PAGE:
How to Grow Strawberry Plants in Pots

Strawberry plant in planter
Ben Pipe Photography / Getty Images

Any type of strawberry will produce fruits in containers. June bearing strawberries will give you one main crop in early summer. Both day neutral and ever-bearing strawberries will give you a longer season than June bearing varieties. Day-neutral plants produce berries sporadically throughout the summer, and ever-bearing strawberries will give you two to three harvests each season. However, ever-bearing strawberries are not as hardy as the day-neutral varieties and will need protection to make it through cold winters.

Reasons to Grow Strawberries in Containers

Strawberries are a great choice for container growing for a few primary reasons:

  • Space: Strawberries are a compact plant, and even gardeners with limited space can have a few pots at hand.
  • Convenience: You can have pots of strawberries close to your kitchen or outdoor seating area.
  • Pest control: Growing strawberry plants off the ground will help cut down pest, bacterial, and fungal disease problems.

Type of Containers for Growing Strawberries

Whether it is a strawberry jar, a hanging basket, or a planter, use a container with good drainage—either several drainage holes at the bottom of the container or multiple holes throughout the container, as with a strawberry pot.

Strawberries have a relatively small root ball and can be grown in containers as small as 10 to 12 inches in diameter and 8 inches deep. However, the smaller the container, the more frequently you will need to water.

Synthetic pots and light-colored pots will keep the roots cooler than dark colors and natural materials that conduct heat, such as clay and metal.

Tools and Supplies You Will Need

  • Strawberry crowns or seedlings
  • Planting container
  • Potting mix
  • Watering can
  • Liquid fertilizer

Instructions

Prepare the Plants

You can start strawberries from either bare-root crowns or seedlings, but seedlings started in small 3- to 4-inch pots will establish themselves in containers faster than bare-root crowns. Strawberry plants will spread out about 2 feet in every direction. Small containers will need only one to two plants, but you can fill all the openings in a strawberry jar.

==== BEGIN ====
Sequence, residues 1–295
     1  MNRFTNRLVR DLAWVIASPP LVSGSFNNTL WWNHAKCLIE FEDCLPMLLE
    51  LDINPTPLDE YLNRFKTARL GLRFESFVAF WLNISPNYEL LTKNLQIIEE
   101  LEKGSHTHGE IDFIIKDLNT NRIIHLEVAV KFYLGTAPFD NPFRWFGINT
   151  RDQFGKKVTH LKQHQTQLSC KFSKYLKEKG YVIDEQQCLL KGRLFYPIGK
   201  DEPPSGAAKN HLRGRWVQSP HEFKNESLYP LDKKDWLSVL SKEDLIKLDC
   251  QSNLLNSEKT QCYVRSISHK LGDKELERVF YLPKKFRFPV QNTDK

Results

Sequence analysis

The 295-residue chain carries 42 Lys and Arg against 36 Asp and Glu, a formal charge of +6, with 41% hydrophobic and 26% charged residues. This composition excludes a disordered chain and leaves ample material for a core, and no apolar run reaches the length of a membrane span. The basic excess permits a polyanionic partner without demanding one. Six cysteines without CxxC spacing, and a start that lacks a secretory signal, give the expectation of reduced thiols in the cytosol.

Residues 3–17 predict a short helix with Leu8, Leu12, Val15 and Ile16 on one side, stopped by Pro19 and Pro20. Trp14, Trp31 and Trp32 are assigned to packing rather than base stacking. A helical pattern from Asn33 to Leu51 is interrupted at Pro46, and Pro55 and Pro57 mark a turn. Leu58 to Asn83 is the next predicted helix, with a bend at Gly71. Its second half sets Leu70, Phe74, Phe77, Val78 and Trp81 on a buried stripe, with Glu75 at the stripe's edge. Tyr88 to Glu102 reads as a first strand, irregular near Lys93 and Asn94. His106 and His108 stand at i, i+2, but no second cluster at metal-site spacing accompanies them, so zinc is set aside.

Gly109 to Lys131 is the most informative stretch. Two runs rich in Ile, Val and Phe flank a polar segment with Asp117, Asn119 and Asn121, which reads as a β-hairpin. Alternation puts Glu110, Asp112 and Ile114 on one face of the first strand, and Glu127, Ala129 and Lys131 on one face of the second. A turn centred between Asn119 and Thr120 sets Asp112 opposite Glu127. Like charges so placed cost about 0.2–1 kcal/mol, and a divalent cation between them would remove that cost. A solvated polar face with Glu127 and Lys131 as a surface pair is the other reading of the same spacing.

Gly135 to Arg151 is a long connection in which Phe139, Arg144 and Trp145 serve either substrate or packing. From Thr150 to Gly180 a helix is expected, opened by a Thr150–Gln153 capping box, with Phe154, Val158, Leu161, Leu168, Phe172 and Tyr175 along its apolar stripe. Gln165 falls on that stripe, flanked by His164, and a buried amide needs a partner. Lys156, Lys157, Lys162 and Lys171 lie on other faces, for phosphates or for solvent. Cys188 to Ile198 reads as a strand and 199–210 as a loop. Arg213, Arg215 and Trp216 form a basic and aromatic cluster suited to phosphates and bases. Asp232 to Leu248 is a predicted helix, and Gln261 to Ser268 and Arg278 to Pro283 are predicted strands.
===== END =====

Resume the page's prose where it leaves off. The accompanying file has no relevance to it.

Add Soil

Fill the container with loose, loamy potting mix that will hold water but will drain away any excess.

Plant the Strawberries

Plant the strawberry plants so their crowns are just above the soil surface. Make a small mound in the potting mix and spread out the roots over the mound. Then, cover the roots up to the crown with the potting mix, and water the soil well. Add more potting mix, as needed, after the cover of mix settles from watering.

Place the Container

Set the pot(s) in a location that receives at least six to eight hours of sun each day to ensure plenty of flowers and fruits. If the sunlight is coming from only one direction, rotate the container every three to four days, if possible. Also, make sure the plants are protected: Just because the strawberries are in pots does not mean pests can't reach them. Insects, birds and climbing creatures will still be attracted to your plants, so keep them protected with netting or fencing, if necessary.

Water the Plants

Water your strawberries whenever the soil feels dry about 1 inch below the surface. You don't want the plants to be sitting in water or soggy soil, but you also don't want them to remain dry for days and start to wilt, especially while the fruits are forming. The soil in containers dries out faster than soil on the ground. Long periods of hot, dry weather may necessitate daily watering, and, as the plants grow more roots, they will need more frequent watering.

Feed Your Strawberries

All container plants benefit from some supplemental feeding. Feed your strawberries every three to four weeks with a liquid fertilizer that is high in phosphorous.

Provide Winter Protection

Strawberries produce best if they are allowed to go dormant in the winter. However, the roots may freeze in colder areas, and some containers will crack if left out in freezing temperatures. You can move your containers into an unheated garage or under a deck, for the season. Water only when the soil becomes excessively dry. You may also be able to mulch up and around the container and leave it in place.

When to Replace Strawberries in Pots

Even with the best care, strawberries are short-lived perennials, and your plants will need to be replaced about every three years. If you really want to make growing container strawberries easy, grow them in containers as annuals. If you do not intend to keep them for multiple years, you do not need to do any pinching of the flowers. You can let the plants flower and fruit as much as they can and just replace them with new plants the next season.